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10 Mar 2010

Green Zone

Matt Damon is Bourne again in Iraq!

Director: Paul Greengrass

Language: English

Cast: Matt Damon, Greg Kinnear, Brendan Gleeson

Screenplay: Brian Helgeland, Rajiv Chandrasekaran (novel)

Release Date: 11 March 2010

Rating: NC16 - Violence and Coarse Language

Director Paul Greengrass and Matt Damon’s latest collaboration, Green Zone, is a fictional thriller centering on one man’s quest to uncover the truth behind the missing WMD in Iraq.

It opens with Chief Warrant Officer Roy Miller (Damon) and his team involved in a fierce firefight to gain access to a suspected chemical weapons storage site which turns out to be a building filled with disused and rusting machinery. Miller suspects that there must be something behind their persistently faulty intel, especially when officials claim that it comes from a highly classified insider source.

He gets his chance to uncover the truth when an Iraqi local, improbably named Freddie, gives him information on a meeting involving one of Saddam’s top generals Al-Rawi. Al-Rawi escapes, but it soon becomes evident that he is at the center of a huge conspiracy concerning WMD that involves the Pentagon. What results is a massive manhunt for Al-Rawi by individuals both attempting to hide and uncover the truth.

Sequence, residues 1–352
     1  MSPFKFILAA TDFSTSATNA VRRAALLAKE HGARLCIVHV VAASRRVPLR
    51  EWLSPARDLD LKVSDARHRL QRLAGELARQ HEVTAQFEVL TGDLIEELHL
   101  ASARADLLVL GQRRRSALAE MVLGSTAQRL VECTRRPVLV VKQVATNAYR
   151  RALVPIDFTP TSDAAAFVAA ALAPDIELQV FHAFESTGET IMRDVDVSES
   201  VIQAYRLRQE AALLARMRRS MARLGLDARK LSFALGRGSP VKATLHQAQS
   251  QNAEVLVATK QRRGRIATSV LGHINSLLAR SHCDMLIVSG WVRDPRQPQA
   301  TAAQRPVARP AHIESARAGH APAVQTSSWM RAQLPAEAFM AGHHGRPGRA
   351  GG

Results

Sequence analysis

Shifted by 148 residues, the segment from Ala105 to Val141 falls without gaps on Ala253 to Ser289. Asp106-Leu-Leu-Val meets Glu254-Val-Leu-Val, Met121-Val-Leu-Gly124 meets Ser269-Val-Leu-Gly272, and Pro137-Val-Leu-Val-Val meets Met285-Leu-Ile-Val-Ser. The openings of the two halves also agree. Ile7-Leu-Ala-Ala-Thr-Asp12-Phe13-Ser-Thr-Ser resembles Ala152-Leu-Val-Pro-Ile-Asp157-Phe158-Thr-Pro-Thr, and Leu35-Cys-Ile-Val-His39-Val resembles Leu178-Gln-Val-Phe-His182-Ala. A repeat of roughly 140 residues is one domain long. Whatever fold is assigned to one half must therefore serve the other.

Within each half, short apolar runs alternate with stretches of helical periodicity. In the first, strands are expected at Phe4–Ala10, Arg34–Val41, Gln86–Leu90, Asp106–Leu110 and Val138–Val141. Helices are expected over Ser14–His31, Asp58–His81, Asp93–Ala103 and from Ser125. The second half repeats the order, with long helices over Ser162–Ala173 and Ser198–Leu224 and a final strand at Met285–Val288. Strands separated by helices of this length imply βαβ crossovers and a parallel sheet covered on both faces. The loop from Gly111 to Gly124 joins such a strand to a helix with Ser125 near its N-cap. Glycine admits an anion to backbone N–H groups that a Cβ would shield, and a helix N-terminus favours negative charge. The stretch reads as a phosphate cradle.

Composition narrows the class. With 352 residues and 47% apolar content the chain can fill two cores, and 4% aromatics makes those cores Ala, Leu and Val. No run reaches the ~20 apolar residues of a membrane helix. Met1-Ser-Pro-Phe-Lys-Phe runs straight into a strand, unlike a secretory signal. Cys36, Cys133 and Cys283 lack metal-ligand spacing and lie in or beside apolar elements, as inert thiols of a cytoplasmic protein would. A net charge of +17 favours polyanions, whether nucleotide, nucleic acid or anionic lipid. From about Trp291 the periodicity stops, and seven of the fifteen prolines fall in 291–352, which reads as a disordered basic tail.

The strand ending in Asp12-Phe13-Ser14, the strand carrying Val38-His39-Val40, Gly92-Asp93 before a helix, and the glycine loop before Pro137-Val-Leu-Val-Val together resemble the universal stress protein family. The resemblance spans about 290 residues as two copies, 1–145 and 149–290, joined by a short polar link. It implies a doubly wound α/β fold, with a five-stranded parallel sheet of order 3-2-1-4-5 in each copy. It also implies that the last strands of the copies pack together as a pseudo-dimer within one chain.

Damon is effective enough as Miller and clearly channels his previous role as Jason Bourne in depicting a character that is brutally single-minded. While this might have worked in the context of Bourne’s quest for revenge, there is more than a little implausibility in a career army man like Miller ditching the chain of command, collaborating with the CIA and the press, and essentially going rogue in a bloody-minded attempt to ferret out the truth.

Visually the filmmakers have created a highly realistic depiction of an Iraq torn apart by war, with scenes of broken freeways and utter devastation contrasting sickeningly with bikini clad women being ogled by beer swilling soldiers lounging about in coalition HQ (the Green Zone of the title). Greengrass also maintains his signature visual style, with gritty and realistic fight scenes, and a ceaselessly roving camera reminiscent of an embedded journalist caught in the thick of the action.

It is unfortunate that the authenticity of the action sequences stands in contrast to the second half of a movie, where the conspiracy theories culminating in an extended hunt for Al-Rawi are less compelling that it should be. The pace never lags, but where its source material is compelling political commentary, this movie mimics the worst of George W. Bush: shock and awe.

Caleb Liu has always aspired to run a private movie club where we'll catch all the films that we should be watching. His film blog is at cityflickers.blogspot.com

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